An academic culture can be described as inclusive when learners feel welcome and supported within both the law school and the communities that are an integral part of the law school. Microaggressions can undermine a spirit of inclusion.
What are microaggressions? A communication that conveys indirect, subtle, or unconscious messaging that marginalizes or derides one or more identities of the communication’s subject.
Under the First Amendment, protected speech cannot be prescribed or punished. This means that using inclusive language must be a choice. As the Pitt Law community strives for inclusive excellence, we recognize the importance of understanding this term, acknowledging when we might have engaged in these actions, and choosing to adopt habits aimed at preventing the harms caused by microaggressions.
Have I perpetuated a microaggression? Just like we all harbor various prejudices, we've all probably subjected someone to a microaggression at some point in life, most likely in an unintentional or at least unconscious manner.
Have I experienced a microaggression? Communications that can be classified as microaggressions are frequently experienced differently by the speaker and the listener. You are the best judge as to whether or not a comment or question directed at you amounts to a microaggression.
If you have experienced a microaggression from a member of the Pitt Law Community, or while attending a class or event through Pitt Law, consider documenting the interaction through the OEIE Microaggression Tracking Tool.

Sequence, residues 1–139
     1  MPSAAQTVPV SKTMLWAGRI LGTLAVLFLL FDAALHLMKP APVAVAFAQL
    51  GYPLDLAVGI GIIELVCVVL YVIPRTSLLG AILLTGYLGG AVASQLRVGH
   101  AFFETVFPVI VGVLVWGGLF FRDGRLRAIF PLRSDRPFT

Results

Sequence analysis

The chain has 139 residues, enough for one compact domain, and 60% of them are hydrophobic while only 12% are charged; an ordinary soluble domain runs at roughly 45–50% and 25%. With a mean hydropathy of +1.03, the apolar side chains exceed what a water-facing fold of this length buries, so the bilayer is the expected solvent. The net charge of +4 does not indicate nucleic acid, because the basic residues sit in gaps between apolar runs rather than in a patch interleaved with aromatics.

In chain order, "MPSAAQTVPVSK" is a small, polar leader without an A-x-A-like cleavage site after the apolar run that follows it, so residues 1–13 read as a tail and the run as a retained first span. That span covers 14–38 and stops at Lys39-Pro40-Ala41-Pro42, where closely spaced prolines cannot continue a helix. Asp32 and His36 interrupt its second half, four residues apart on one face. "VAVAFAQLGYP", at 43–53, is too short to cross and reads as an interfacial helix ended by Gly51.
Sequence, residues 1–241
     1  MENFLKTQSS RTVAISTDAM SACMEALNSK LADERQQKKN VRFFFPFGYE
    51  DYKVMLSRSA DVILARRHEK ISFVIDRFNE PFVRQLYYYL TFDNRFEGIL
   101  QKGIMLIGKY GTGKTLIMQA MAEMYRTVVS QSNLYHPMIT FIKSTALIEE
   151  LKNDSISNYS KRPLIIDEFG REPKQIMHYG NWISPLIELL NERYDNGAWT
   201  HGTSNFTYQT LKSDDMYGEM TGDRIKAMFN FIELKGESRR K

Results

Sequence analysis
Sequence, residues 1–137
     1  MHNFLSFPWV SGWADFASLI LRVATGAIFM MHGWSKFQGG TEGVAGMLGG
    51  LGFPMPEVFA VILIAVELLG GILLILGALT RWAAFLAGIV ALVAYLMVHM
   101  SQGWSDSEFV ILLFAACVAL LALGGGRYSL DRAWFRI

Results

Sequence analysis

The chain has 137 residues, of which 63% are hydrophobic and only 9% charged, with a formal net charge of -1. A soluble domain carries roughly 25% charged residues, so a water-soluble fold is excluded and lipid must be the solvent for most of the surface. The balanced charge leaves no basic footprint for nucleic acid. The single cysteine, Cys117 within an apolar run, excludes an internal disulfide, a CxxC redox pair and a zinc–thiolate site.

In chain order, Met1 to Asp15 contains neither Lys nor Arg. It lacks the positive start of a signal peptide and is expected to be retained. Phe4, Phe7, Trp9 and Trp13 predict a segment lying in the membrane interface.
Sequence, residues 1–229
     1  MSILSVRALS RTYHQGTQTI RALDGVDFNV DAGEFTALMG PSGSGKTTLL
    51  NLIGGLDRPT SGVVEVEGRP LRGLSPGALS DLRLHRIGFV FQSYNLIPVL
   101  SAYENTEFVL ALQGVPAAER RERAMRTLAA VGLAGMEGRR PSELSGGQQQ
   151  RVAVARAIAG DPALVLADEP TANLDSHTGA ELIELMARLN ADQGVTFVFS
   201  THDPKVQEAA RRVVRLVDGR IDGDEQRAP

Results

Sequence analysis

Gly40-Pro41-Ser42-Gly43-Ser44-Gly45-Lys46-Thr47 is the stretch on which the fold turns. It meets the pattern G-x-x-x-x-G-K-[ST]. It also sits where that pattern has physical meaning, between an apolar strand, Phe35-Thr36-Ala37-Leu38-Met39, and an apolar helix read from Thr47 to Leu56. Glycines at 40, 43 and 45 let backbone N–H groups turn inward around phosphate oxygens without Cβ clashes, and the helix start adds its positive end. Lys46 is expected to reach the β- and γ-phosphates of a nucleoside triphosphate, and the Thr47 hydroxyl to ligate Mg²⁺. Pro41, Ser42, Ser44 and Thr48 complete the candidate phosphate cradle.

The OEIE Microaggression Tracking Tool is a support resource meant to empower members of the Pitt Law community who have experienced microaggressions by providing a forum to document their experiences. Please note that while you may report anonymously, information disclosed through the OEIE Microaggression Tracking Tool is not confidential. By providing information through the tracking tool, you consent to this information being shared with persons and departments within Pitt Law or the University of Pittsburgh, as appropriate, and waive any rights under FERPA or any other applicable law as to the information you choose to disclose. While interactions disclosed through the tracking tool may not result in any direct administrative action, the content shared helps the OEIE better understand the law school’s social climate and provide support, as appropriate.
If you have been subjected to threats, harassment or an assault; or if you are in an unsafe situation, please contact the University of Pittsburgh Police at 412-624-2121. If you are in immediate danger, call 911.
If you are in a safe situation and have been subjected to any discriminatory treatment that might constitute a violation of University policy, please consider reporting the matter to the Office for Equity, Diversity, and Inclusion (see: https://www.diversity.pitt.edu/civil-rights-title-ix/make-report).
For additional information or support, you may also contact Dean of Students, Allie Linsenmeyer: firstname.lastname@example.org.